Rooting for Truth 寻找真相 Coming Home

 

Coming home: I knew today would be miraculous, but I have no idea how exactly it would play out. The trick is to get out of my own way.

Today was the first day we hit a road block in the village, Sam Dor, where my father and two uncles were born. Only two elderly women in their eighties, and their memories were fuzzy. I knew the chances were slim because my father was born 106 years ago.

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I set out on my own following a hunch, sure that I would be able to “feel” the energy of the house. Elsie followed at a safe distance. Down a lane where an empty lot stood between newer houses. Two tractors stood guard on the lot. Suddenly, I was pushed from the front and also from the back at the same time, squeezed by two bookends of an invisible force. Unafraid, I stood and took a deep breath. Chills coursed through my body showing me that I was on the right track. As a medium, I listened for the message which clearly said to go to Gong Ye.

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However, we headed to the next village which was very close by. It was where my great-grandfather was born, but we did not find a structure to go to or close enough relatives to give me clues about this cosmic puzzle I’ve been working on. Instead, the village chief showed us where my great-grandfather’s house once was. What we found were piles of rubble and yet, I stayed open to what was meant to be.

So, I performed the ritual on the overgrown plot where my great-grandfather was born in Hong May Village. It was an organic ritual, less ceremonious than the previous ones. It was perfect! I chose the spot and knelt on the ground where I placed my uncle Don’s poem on the ground to create a makeshift altar. Next, I placed three pieces of incense into a crack formed by a stack of rocks. I bowed three times to honor all my male ancestors as I said a Buddhist prayer and read my Uncle Don’s poem. I felt his hand on my shoulder as if to confirm my mission on this trip and the story I am writing.

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Then, as if a movie played in my mind’s eye, I saw the walls of the house form around me like a 3-D printer. I heard sounds of joy and knew it was my great-grandfather’s naming day. I knew that he was fated for success as a sojourner, that he would have many sons and a good life. (The records I found a NARA confirmed that he was a handsome man and was indeed successful at the shops in San Francisco owned by the Louie clan.)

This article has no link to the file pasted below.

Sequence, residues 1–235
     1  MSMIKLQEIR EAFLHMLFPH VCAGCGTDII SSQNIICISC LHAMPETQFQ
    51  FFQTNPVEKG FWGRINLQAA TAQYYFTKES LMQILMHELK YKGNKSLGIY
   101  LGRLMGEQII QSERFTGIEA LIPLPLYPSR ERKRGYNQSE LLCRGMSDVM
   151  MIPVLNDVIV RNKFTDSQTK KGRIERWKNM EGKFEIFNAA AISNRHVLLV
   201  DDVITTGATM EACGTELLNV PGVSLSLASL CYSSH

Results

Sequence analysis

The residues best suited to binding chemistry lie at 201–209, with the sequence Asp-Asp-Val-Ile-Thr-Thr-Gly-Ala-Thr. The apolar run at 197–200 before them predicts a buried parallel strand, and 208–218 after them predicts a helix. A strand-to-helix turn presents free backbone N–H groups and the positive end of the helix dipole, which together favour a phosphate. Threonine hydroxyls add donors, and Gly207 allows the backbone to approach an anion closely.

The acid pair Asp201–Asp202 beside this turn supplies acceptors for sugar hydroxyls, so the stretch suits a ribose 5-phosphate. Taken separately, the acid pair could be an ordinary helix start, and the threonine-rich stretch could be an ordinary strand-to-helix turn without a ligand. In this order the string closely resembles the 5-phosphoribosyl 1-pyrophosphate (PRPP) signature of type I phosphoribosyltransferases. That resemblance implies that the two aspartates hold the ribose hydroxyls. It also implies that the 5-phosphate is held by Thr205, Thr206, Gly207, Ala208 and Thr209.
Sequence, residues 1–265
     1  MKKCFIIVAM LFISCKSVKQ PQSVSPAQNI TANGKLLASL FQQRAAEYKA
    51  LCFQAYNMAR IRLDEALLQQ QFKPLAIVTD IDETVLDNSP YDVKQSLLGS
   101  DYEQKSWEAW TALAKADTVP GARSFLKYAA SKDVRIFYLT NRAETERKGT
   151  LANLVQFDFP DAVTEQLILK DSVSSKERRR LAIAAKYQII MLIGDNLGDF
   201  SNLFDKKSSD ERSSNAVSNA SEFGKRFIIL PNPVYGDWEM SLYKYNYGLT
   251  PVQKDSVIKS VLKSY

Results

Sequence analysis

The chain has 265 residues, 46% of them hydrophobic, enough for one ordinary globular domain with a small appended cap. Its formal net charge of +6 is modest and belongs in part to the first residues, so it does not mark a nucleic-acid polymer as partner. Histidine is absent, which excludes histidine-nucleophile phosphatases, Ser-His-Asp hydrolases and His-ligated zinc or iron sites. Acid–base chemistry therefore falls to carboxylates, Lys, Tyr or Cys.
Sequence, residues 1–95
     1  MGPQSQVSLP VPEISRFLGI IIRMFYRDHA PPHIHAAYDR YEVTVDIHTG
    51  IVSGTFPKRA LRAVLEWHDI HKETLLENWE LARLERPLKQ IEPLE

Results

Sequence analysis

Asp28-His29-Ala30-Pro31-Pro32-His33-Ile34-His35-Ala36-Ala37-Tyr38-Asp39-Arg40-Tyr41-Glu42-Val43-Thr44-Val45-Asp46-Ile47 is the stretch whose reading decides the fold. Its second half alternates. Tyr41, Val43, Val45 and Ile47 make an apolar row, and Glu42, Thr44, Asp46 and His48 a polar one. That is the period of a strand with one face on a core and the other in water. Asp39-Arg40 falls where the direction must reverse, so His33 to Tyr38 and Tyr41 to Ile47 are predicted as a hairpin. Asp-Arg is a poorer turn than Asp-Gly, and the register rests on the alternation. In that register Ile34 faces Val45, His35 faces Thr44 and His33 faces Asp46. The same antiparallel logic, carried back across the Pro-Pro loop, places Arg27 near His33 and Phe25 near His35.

I created another alter in the opposite direction but this one was for all my female ancestors, especially the ones who stayed behind when the men “went out” to the Gold Mountain. I felt them standing around me, tears flowing down their cheeked for being honored. I felt a special connection with my great-great-grandmother, who had bound feet.

Several more altars and the mission was complete. Then, as if to affirm the new beginnings I saw a su gum (squash) at the last place where I put incense. More was growing in another corner of the plot. It’s blossoms dotted the space with bright yellow. I picked one of the blossoms. A village lady wanted me to take one home with me so I would have the seeds. I found a fragment of roof tile to remind me of the next part I want to explore when I come back again: the Lei (putanghua for Louie) family architects, as well as the town of Gong Ye, where my family settled after they moved from Sam Dor.

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Village women brought some wonderful pastries to us which were being made for a wedding to take place in three days. We joined the ladies in the community building where I passed out red baskets that I had crocheted to each of the villagers. The red baskets represent the ancient Chinese belief: An invisible red thread connects those who are destined to meet; regardless of time, place or circumstances. The thread may stretch or twist, but it will never break.” I gave lucky lai see to the bride-to-be and also to the chief of the village, who I hope to see again on my next trip because I know this was just the beginning, and I will be back again.

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As if to say, “Now, go and share your gift with others,” I was guided to give a reading to the village chief, to our local guide, and to one of our guides from the Guangdong Overseas Chinese Vocational School. With each reading, the message was clear “We are not meant to do everything ourselves. Be open to help from others, and magic happens.”

I am grateful to our Friends of Roots guides and my fellow Rooters, our guides from the Guangdong Overseas Chinese Vocational School, to the local guides and the people of the villages, and to my ancestors who guided me home to the source.

When you drink water think of its source.

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